"To have a nail-biting finish on the last ball, God has been kind," BCCI president Anurag Thakur told ESPNcricinfo after the game. "A thunderstorm was expected, nothing happened, we survived. I think that luck is on our side. When you put your 100%, the god also favors you."
That luck vanished on Sunday, mainly because officials decided to tempt fate by delaying the start under bright sunshine even though thunderstorms were forecast for the early afternoon. Initially fans remained patient when a 10.30 start was communicated, but when another 10 minutes were added on to the delay, boos rang out around the ground.
It was especially frustrating because of the reason for the holdup - a breakdown in satellite transmission with the host broadcaster in India - as there is a precedent for proceeding with play regardless of TV coverage available, both in cricket and baseball. A 2012 tri-series ODI in Hobart between India and Sri Lanka moved forward after power went out at the ground. It resulted in TV viewers missing the first 3.4 overs of India's chase.
More recently, Game 1 of the 2015 World Series between the New York Mets and Kansas City Royals experienced a TV broadcast failure with the host feed controlled by Fox going down in the bottom of the fourth inning. According to Richard Sandomir's chronicle of events in The New York Times, the game was briefly delayed only because Fox's feed was being used for baseball's replay challenge system. After a short discussion with umpires, both managers agreed to play on without the replay system available. TV coverage of the game continued outside the USA on an international TV feed while radio coverage went on uninterrupted. It was 38 minutes before the Fox feed was restored.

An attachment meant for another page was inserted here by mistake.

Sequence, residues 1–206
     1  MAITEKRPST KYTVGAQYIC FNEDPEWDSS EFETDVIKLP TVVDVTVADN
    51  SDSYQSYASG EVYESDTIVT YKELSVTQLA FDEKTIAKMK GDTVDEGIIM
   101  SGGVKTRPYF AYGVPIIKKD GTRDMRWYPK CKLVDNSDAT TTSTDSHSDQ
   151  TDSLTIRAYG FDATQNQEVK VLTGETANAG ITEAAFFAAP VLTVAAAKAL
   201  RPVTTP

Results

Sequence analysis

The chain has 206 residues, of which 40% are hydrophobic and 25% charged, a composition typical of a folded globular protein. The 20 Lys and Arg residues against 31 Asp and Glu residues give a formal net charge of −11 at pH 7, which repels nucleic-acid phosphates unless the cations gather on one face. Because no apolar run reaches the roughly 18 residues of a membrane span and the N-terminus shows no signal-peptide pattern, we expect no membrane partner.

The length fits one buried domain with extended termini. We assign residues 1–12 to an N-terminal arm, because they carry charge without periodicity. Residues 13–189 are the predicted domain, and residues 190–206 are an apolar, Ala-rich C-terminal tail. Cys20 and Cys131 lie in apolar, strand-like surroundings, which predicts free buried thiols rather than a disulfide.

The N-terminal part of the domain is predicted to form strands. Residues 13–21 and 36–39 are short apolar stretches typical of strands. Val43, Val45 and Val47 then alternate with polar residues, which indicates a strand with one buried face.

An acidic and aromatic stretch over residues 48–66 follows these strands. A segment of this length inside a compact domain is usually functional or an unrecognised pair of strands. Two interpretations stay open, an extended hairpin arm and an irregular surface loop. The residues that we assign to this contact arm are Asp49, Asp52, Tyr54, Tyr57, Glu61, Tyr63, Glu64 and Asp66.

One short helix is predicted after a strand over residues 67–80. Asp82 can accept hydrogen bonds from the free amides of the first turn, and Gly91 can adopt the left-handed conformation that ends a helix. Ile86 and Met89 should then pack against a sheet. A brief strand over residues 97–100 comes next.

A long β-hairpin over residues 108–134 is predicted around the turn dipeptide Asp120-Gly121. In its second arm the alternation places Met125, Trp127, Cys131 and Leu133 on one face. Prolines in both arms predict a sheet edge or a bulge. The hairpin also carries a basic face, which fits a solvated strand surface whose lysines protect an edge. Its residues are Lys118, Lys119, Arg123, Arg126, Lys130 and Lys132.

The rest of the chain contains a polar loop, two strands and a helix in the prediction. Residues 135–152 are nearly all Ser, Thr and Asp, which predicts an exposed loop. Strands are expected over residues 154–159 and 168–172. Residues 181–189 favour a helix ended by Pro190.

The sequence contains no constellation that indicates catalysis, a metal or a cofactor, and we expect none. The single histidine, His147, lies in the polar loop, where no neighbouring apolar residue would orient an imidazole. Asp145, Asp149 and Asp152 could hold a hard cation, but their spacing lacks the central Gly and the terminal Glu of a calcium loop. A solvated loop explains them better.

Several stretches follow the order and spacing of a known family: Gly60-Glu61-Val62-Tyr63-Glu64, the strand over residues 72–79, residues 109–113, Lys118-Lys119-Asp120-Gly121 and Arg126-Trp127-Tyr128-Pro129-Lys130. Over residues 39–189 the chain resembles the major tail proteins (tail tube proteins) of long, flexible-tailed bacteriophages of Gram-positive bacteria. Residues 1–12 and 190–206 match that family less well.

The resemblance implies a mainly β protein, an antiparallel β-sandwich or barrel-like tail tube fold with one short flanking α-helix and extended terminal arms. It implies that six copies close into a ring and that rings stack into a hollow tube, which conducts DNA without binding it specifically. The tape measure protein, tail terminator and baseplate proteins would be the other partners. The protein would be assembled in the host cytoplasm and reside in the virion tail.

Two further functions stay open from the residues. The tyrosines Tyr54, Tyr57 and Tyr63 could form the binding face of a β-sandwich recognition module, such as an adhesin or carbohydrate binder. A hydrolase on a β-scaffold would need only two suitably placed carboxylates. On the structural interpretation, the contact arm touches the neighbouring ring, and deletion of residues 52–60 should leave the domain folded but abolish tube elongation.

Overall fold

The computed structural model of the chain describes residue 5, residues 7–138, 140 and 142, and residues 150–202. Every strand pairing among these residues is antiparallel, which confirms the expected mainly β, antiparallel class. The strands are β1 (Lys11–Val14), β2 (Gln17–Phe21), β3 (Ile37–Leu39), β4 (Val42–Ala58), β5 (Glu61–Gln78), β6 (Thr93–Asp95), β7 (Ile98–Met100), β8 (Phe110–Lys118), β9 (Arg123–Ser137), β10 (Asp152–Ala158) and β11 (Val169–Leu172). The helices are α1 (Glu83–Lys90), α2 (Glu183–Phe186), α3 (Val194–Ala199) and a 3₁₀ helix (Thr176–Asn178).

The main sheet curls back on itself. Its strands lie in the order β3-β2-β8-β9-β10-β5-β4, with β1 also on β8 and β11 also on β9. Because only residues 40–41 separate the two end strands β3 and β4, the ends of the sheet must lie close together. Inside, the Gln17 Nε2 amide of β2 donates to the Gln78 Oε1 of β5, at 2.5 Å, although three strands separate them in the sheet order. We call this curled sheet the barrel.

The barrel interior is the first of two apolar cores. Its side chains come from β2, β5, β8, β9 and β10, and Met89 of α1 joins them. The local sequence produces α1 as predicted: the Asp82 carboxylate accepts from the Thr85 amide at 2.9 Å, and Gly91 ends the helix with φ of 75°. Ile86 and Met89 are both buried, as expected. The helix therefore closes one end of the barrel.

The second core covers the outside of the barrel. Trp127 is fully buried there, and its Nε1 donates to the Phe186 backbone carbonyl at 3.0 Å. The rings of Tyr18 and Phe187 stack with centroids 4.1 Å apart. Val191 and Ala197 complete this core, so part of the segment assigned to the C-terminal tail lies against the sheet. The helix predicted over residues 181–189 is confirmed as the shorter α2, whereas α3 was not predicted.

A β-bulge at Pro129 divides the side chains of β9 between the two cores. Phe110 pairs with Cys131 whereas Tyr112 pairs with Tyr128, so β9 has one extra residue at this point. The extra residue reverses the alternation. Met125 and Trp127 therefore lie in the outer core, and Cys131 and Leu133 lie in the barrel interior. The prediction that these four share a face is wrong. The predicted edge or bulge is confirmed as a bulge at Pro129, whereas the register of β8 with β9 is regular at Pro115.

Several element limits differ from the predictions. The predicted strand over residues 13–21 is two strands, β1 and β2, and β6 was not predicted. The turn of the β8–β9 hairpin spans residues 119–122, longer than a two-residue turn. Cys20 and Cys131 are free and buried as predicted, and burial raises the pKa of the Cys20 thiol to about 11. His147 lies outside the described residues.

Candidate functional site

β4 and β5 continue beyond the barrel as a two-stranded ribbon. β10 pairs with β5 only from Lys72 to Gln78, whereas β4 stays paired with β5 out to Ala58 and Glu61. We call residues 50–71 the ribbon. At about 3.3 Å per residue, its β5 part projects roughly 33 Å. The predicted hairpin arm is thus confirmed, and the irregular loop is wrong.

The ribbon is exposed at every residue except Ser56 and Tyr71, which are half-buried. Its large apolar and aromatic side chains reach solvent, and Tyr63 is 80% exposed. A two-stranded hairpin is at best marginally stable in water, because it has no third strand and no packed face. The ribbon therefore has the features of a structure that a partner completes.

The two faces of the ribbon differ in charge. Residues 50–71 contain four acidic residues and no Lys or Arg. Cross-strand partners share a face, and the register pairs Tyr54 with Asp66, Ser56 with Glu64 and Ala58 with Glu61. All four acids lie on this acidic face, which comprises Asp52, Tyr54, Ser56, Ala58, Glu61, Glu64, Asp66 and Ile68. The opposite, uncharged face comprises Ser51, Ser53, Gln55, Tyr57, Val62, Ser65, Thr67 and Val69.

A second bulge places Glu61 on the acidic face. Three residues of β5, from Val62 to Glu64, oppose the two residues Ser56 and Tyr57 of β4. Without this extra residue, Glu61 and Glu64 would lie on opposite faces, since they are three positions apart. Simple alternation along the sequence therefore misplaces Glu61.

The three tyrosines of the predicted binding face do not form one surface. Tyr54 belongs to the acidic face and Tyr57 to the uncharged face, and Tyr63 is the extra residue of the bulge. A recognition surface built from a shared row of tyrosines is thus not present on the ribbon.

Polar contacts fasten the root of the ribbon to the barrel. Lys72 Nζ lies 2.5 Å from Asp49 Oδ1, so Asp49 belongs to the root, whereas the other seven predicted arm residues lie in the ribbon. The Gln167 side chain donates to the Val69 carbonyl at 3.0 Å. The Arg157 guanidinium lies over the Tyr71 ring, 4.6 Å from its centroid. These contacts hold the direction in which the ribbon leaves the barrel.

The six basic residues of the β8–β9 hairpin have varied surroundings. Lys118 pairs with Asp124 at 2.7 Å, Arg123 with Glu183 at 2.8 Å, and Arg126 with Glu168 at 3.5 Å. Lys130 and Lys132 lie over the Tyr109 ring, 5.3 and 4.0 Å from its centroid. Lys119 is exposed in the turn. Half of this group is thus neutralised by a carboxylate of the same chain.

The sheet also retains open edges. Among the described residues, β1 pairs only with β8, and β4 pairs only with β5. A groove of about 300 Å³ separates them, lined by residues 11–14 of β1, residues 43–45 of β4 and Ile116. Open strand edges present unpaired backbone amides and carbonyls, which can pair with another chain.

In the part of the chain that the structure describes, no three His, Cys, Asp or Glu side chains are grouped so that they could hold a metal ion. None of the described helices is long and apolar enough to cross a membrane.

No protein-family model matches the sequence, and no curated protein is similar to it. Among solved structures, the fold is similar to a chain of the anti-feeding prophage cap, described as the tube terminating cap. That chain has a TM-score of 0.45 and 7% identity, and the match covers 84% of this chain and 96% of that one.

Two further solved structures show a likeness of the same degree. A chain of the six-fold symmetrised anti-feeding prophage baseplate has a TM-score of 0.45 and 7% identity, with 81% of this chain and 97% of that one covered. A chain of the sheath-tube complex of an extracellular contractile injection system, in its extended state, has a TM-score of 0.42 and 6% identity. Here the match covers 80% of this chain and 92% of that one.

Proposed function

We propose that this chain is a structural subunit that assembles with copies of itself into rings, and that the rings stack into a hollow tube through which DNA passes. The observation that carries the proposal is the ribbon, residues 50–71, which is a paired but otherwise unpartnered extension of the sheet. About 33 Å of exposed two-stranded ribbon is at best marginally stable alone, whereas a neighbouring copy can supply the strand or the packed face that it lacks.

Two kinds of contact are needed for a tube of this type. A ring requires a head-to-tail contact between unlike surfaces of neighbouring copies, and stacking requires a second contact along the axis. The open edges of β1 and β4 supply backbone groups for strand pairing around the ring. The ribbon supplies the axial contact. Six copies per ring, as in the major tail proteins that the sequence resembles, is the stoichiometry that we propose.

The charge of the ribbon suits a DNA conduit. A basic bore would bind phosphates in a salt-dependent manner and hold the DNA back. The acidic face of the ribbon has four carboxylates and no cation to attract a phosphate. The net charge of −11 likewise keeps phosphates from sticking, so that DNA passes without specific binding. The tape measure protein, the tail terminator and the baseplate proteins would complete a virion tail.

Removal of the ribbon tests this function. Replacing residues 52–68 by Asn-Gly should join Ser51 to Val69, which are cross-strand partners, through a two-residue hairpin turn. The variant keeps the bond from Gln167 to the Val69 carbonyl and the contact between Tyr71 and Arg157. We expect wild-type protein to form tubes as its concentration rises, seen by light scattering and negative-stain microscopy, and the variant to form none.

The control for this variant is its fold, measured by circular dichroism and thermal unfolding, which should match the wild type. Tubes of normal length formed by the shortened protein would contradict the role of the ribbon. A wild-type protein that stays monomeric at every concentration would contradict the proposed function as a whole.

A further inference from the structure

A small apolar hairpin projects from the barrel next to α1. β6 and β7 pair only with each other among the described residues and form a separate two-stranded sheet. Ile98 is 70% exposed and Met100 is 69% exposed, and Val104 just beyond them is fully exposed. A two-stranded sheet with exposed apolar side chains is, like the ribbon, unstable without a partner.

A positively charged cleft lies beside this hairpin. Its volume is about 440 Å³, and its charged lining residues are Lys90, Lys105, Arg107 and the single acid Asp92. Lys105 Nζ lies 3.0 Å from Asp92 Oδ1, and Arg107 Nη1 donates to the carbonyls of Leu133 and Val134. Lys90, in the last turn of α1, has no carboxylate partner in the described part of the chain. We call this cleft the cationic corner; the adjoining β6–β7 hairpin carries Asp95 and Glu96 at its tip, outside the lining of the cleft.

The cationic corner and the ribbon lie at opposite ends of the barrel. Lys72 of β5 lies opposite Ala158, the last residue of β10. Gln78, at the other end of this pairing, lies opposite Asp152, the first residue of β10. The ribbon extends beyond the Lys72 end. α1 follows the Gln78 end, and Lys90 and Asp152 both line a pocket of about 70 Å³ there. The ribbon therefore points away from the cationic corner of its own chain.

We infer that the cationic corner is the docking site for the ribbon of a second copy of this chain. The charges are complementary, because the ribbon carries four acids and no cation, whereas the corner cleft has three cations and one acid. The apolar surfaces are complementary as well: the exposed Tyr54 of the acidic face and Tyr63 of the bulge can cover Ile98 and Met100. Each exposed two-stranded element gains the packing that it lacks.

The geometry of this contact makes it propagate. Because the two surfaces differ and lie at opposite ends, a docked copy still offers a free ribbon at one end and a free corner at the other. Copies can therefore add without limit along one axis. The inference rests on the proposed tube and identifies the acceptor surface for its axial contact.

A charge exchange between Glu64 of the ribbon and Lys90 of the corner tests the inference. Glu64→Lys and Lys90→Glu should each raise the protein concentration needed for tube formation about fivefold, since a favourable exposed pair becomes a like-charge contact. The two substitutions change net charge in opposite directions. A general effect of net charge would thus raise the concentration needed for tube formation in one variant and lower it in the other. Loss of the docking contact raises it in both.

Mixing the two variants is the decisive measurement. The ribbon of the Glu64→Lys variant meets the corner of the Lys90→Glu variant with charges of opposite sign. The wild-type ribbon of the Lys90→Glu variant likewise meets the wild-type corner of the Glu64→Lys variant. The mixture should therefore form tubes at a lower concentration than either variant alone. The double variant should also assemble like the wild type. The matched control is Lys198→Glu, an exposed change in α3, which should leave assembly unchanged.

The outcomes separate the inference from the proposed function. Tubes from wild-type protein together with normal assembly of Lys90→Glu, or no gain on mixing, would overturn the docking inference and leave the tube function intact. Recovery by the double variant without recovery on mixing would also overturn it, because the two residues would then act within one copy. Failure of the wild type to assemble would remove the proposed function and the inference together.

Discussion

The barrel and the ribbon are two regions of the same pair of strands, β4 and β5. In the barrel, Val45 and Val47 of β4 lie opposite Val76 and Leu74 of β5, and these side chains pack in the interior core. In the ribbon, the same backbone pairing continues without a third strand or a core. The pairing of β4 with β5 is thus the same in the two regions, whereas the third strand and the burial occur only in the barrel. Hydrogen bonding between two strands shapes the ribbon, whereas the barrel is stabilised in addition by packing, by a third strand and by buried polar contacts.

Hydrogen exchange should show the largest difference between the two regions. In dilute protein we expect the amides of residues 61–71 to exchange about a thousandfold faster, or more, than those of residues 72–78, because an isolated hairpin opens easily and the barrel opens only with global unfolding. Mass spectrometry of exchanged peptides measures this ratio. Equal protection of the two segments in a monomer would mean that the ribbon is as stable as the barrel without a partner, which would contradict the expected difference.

The US market seemed the least of India's concerns on the day, though. The matches were not shown on any TV channel in the USA, with the rights sold and packaged as an online pay-per-view option via YuppTV, a "cord-cutter" internet portal similar to Roku or Google Chromecast. Saturday's final-ball drama was missed by the mainstream American sports fan while Sunday's technical delays beaming the match back to India had no ripple effect on disrupting any USA cable or network TV channel's programming line-up since it wasn't being offered.
The decision to delay the start brought fans back to reality, that this series wasn't about the BCCI saying thank you by playing in front of them. Instead, they were an ancillary consideration to the primary vehicle of the TV audience back in India. Other issues that maybe could be forgiven now boiled to the surface.
Concession sales were cash-only, but if one was only carrying credit cards, there were no ATMs on site to take out money, leaving the earliest-arriving fans from the gate-opening time of 8 am hot and thirsty for up to six hours in 90-degree Farenheit (32 degrees Celsius) Florida heat. Ticket values - starting at USD 75 for standing room only and USD 100 for uncovered bleachers going up to USD 250 for VIP - also priced out many casual fans from being able to attend.